The quote above has been shortened due to Hero jumping into a very long and at times violent (The man has some intense hand motions) lecture on the amazing pickled cabbage side dish common in almost every meal in Korea. Notice I mentioned side dish. This hadn't been told to me at the start so for the first half of the trip I believed I had to eat it raw. I did this often enough that I started to really enjoy the taste of it plain and continued. This led Hero and his family to say I must be part Korean because no other group of people would ever eat it raw. 

Dinner with the extended family

Yummy Korean Desserts 

Stall food in Seoul is some of the best I have had anywhere

The second part of this post has to do with family. When you sit down at a table with people it is my belief that you are sitting with family. Food brings about national, family, and personal pride which should be greatly respected. Customs and edicate usually hold important historical stories and lessons that can be great to learn. Add in the fact that you are a guest and you can get a true family experience

Tigers Friendly Tip: If the family has children I recommend you speak English to them. The parents will really like this as the world understands that learning English can be very helpful. A little English lesson can be a great way to thank the family for a wonderful meal and evening. 

I wish you good health and happy travels. 

Colin S. & The Traveling Tiger


Seoul: City and Palace

A city as alive as Seoul really does something to its tourists. It feels like the air has more oxygen which is slightly surprising considering how many 8 lane streets I had to cross. There is a higher sense you acquire as a traveler as well which could be the reason, but for me I think it was just the energy that infects you. To balance this out it was important to find a place to stow away for a morning city walk and what better place to do that then a walking tour of the major palaces in Seoul's historic center.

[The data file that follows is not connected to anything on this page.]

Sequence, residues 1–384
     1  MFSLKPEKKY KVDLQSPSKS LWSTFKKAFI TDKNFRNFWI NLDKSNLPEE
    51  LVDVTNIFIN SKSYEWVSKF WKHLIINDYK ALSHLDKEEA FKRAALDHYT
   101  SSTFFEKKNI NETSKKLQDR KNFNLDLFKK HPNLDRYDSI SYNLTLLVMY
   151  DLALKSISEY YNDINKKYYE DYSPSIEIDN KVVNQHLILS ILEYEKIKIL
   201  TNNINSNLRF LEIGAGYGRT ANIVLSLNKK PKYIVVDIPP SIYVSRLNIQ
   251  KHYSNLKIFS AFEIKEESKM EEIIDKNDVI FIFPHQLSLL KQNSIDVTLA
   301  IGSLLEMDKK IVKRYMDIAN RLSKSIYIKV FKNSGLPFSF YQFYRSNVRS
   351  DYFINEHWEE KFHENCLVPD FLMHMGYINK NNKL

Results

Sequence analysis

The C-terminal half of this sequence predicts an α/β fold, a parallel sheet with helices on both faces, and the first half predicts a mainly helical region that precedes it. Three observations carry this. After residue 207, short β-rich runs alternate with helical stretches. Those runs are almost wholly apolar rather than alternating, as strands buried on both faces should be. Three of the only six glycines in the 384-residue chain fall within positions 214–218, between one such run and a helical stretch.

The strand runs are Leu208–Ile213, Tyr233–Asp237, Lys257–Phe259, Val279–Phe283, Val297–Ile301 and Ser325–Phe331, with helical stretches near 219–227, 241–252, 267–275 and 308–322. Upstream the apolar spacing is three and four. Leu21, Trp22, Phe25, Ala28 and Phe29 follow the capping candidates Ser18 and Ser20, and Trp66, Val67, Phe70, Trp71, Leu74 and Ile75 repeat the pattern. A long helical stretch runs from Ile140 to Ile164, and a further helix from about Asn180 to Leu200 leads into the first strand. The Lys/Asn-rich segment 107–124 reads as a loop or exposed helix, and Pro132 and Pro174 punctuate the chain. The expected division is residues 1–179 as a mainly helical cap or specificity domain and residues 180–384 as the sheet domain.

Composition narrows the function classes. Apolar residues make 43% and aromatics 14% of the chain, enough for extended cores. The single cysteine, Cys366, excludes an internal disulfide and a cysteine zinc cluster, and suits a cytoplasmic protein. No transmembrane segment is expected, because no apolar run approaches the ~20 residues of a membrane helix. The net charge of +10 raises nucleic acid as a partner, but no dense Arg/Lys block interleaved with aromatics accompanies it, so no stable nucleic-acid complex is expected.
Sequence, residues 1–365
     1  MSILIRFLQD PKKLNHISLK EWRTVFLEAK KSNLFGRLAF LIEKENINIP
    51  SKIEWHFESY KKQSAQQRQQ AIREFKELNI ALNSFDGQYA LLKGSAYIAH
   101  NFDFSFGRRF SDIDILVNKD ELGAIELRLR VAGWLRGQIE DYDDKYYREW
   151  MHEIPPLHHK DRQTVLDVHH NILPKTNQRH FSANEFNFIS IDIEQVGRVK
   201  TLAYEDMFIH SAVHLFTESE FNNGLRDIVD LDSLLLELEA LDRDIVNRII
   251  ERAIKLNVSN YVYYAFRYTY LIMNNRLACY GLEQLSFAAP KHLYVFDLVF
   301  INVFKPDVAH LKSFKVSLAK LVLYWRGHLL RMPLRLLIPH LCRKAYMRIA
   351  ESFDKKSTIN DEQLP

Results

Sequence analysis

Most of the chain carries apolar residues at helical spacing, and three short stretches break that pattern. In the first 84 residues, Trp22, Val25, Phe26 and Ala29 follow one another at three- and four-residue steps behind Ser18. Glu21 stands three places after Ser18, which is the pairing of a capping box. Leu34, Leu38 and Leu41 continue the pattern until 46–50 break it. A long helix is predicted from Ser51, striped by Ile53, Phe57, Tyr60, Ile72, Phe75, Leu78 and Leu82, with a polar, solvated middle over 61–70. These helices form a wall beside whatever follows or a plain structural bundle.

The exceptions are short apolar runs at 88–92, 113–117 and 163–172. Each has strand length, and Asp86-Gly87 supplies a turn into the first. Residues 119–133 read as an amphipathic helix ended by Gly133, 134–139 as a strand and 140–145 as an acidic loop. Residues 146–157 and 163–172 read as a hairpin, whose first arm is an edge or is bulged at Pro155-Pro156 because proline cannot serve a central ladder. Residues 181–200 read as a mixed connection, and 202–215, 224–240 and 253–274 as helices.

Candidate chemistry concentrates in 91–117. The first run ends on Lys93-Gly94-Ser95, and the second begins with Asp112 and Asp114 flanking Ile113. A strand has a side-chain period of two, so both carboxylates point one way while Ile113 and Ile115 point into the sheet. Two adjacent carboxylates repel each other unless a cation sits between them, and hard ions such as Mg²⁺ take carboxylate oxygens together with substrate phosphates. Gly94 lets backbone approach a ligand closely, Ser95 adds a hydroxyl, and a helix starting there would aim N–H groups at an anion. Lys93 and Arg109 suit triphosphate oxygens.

Upon entering one of the several impressive palace centers you are met with a very different atmosphere. Outside (literally right out side) you are immersed in the world of the modern Seoul business world. Then though the gateway into the palace you quickly find the world change and become a green oasis where the walls seem to extend beyond keeping enemies of the Royal Family out, but the street noise as well.

Gyeongbok Palace
Taken 2009

The architecture in these historic buildings was unlike anything I had seen before in my travels. After all my only experience with architecture and travel had been the Western world and while viewing different churches is fascinating the use of color in Asia is simply unmatched. The brilliant use of different and vibrate colors makes each wall or even corner a work of art. The detail and delicate touch required matches that of a sculpture within Notre Dame.

With the buildings being a wonderful stop I made a point to also see the changing of the guard ceremony. See this ritual being done in different parts of the world is something I have come to do almost by accident. The way a culture treats its security can often mirror the state reacts to different parts of its life. Korea for example has been constantly plagued with invasion and occupations throughout its history. Therefor their changing of the guard is very loud and difficult. This history of occupation; however, has also allowed Korea's individualism to thrive and now even to this day the children are taught to respect and uphold their culture.

I wish you good health and happy travels. 

Colin S. & The Traveling Tiger


Separated from the pack

Getting lost in Seoul made me remember the first time I got lost on my own in a different country. It was during my second trip to Europe. After half a day on our bikes my friend Jordan and I had decided we could go a little faster than my mother and father. So after discussing where we would meet Jordan and I headed off on our own and soon enough we were well beyond eye sight of my parents. We reached the small city which had been chosen as our lunch break and meeting spot. At one point I found myself separated from Jordan and wandering along the small streets of the French city. Looking back I cannot believe how calm I was while biking around the downtown district of the city. I somehow ended up at the central tourist information building and was spotted by my godmother who had joined us for part of our trip. It was a lucky meeting and likely stopped a city wide search for me.

I know that if a few more hours had gone by I would have likely started to freak out. Still the fact that I kept myself together and reconnected with my family was a great feeling. Finding them having already eaten lunch and seemingly unfazed by my disappearance was not. Apparently they had “Complete faith in my abilities” To this day I still don’t know if they were joking or not. Thankfully their real (or fake) belief in me seemed to pay off. So maybe getting lost sometimes isn’t that bad. The next time it happens to you just sit back and let the road ahead of you lead you on.

I wish you good health and happy travels. 

Colin S. & The Traveling Tiger